Where?

When I reached out to Emily and Ted, we were living in a pre-lockdown world and so we could meet face to face. Face to face is definitely a better way to communicate, especially with someone you haven’t met before but a digital conversation is also great. Remember, these people don’t need to go out of their way too much as you work in the same building. If you have an internal cafe, food court or breakout room in your office building then great, but if not, the nearest Pret or Caffè Nero is fine. Booking a meeting room for a casual chat may be a bit too formal so opt for something more relaxed. 

What questions should I ask?

It’s best to start off with an introduction about yourself and then ask them to do the same.

Begin with explaining your job role and how long you have been at the company. Ask a question about their job role, such as ‘what does it entail?’ or ‘how long have you been working in that role?’.

A great follow-up question is to ask whether/where they trained or studied or how they found themselves in the industry. Understanding other people’s career development is important for young people, especially apprentices, to hear about. Listening to these real-life experiences is vital in shaping your own life and pathway. 

Academia

I found out that both Ted and Emily studied something completely different to what they’ve ended up doing as a job. This is yet more proof that what you study when you’re younger doesn’t mean you stick with it for the rest of your life.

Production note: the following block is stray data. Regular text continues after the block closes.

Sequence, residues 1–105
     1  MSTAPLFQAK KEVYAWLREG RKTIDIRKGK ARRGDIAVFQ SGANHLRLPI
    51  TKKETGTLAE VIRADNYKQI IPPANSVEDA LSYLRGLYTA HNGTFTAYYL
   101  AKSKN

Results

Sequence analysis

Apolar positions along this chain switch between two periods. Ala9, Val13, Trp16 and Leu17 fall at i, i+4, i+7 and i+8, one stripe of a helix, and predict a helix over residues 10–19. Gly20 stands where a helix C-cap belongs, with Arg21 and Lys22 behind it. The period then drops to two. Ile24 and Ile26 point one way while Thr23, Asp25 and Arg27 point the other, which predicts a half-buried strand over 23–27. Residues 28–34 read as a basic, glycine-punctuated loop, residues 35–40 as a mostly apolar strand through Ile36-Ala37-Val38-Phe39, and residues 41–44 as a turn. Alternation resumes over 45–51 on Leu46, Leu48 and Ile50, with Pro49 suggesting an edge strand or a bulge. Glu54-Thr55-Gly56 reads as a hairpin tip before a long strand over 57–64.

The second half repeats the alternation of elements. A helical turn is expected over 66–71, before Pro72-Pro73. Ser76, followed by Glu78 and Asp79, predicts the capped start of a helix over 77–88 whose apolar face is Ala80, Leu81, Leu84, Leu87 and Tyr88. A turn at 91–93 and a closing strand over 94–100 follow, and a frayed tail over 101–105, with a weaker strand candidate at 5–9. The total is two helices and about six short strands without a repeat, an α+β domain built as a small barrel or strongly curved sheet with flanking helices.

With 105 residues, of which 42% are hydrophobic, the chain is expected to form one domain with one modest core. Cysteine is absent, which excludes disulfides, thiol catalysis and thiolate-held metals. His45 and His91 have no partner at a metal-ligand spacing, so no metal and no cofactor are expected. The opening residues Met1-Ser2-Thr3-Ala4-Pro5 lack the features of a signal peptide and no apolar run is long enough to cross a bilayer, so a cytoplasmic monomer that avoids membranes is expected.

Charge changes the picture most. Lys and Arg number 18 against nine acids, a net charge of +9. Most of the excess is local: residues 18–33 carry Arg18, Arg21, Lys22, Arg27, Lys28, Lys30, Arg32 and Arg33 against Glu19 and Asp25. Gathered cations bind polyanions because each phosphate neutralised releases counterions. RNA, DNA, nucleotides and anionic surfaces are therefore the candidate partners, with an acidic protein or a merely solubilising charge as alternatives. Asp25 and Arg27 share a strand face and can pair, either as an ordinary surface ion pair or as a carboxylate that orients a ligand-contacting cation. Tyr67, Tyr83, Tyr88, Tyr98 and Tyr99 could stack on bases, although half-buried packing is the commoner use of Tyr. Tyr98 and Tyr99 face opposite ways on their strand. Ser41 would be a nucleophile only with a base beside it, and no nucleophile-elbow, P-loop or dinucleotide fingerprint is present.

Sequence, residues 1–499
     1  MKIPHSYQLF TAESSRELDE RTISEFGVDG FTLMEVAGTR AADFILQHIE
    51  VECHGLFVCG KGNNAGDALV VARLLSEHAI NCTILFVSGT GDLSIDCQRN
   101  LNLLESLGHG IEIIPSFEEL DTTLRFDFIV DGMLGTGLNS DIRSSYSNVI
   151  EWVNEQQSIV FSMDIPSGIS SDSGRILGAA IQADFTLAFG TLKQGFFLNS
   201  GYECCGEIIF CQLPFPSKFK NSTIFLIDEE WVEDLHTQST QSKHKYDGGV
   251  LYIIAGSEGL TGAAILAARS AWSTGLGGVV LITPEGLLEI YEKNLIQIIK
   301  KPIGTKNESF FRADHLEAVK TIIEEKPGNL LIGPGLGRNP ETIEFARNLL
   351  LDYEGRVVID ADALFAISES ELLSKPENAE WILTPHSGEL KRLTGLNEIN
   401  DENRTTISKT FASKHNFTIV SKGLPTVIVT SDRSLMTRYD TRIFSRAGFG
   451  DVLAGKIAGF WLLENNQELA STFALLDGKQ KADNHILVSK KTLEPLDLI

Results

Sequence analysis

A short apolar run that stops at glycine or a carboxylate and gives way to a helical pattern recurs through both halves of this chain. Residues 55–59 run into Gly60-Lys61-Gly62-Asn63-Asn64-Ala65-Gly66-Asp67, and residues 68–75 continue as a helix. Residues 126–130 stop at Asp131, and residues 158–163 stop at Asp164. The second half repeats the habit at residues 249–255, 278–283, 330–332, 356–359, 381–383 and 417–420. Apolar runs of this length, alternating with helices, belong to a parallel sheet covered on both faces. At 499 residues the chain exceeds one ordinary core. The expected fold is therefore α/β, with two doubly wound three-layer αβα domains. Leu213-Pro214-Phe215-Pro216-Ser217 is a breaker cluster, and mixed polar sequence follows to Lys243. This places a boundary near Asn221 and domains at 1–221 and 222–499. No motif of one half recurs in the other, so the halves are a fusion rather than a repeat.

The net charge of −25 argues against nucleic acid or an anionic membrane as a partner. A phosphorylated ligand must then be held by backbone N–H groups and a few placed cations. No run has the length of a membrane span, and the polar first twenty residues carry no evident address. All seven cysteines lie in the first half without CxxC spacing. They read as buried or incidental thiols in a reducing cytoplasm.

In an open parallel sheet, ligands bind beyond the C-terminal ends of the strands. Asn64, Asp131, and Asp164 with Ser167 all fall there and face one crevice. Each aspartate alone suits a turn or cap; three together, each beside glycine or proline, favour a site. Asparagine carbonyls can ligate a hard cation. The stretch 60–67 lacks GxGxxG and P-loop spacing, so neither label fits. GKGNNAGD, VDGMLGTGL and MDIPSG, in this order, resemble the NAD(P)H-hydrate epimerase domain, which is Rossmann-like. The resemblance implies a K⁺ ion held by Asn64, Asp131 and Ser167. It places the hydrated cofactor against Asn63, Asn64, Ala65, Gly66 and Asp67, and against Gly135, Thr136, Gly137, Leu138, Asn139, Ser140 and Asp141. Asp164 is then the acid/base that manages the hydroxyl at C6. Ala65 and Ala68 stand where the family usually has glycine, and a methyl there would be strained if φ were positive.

This is one of the reasons why I opted to do an apprenticeship. I have learnt transferable business skills and gained valuable working experience, which is great for any job role I want to pursue. Career transitions will be easier for me now that I have this transferable knowledge and experience in the workplace.

What I learned from internal networking

Both Ted and Emily taught me, by sharing their own experiences, that career transitions are important and you should always take opportunities. It’s great advice because if you don’t take risks in life you take the risk of limiting your progression. 

Building your visibility with senior stakeholders

Increasing your visibility within a business is vital, it’s always good to speak out in meetings with your own ideas. But it can be daunting because you might be worried what more senior members of staff think about your ideas. So building relationships with senior staff  makes you more at ease with them, and makes you realise everyone’s on your side. Showing people across the business what you’re capable of, especially in an entry level, increases your chances of progressing in a company.

Contact acquired

Always finish your conversation by asking if you can put some more time in the diary to catch up. Remember, this person isn’t just someone you’ve met anymore, they’ve become a valuable contact. Now if you come up against an obstacle that is similar to something they faced, you can reach out to them for advice. It could also be a good idea to offer to help out with any project they’re working on. Maybe you could work in collaboration or gain some extra experience by shadowing what they do? Utilise this contact, because you’ve earned it.

So Remember...

  • Send a formal yet friendly email to them

  • Organise a meeting (face-to-face preferably)

  • Introduce who you are and what you do

  • Ask who they are and what they do

  • Ask how they ended up doing what they do

  • What did they originally study?

  • Ask for advice

  • Ask if you can meet again in the future

As we all know, the business world is big, busy and bustling, so stand-out as best you can and network where possible. Whether it is a coffee over Zoom, or a conversation in a breakout room, always remember to be proactive.

Are you interested in networking? Be sure to check out our 'Ask an Expert' discussion thread, where you can ask Alice McDonnell anything you'd like to know about networking - from tips and practical advice!